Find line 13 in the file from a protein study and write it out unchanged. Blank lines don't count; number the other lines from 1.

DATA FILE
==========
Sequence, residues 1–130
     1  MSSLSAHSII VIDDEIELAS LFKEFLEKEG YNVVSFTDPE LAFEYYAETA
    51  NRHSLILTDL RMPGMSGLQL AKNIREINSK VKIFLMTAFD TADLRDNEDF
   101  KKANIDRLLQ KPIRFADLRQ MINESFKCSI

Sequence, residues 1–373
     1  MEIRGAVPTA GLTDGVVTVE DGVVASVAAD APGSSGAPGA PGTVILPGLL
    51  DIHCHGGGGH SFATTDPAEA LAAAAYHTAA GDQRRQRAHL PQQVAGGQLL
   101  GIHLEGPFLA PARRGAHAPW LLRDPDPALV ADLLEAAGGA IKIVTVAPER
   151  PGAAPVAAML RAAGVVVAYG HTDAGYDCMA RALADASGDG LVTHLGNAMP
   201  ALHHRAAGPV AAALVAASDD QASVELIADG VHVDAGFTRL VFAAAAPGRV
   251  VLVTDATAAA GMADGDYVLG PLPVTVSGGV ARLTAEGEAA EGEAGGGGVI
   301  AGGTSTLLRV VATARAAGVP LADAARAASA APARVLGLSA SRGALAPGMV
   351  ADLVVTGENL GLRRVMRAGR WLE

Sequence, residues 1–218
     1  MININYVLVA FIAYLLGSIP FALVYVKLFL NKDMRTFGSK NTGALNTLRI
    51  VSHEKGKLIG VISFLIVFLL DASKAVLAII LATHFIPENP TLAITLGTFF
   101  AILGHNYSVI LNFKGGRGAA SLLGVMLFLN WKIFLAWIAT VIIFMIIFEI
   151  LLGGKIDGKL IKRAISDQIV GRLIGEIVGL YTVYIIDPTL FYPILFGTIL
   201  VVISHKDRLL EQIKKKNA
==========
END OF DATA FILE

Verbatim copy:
   351  ADLVVTGENL GLRRVMRAGR WLE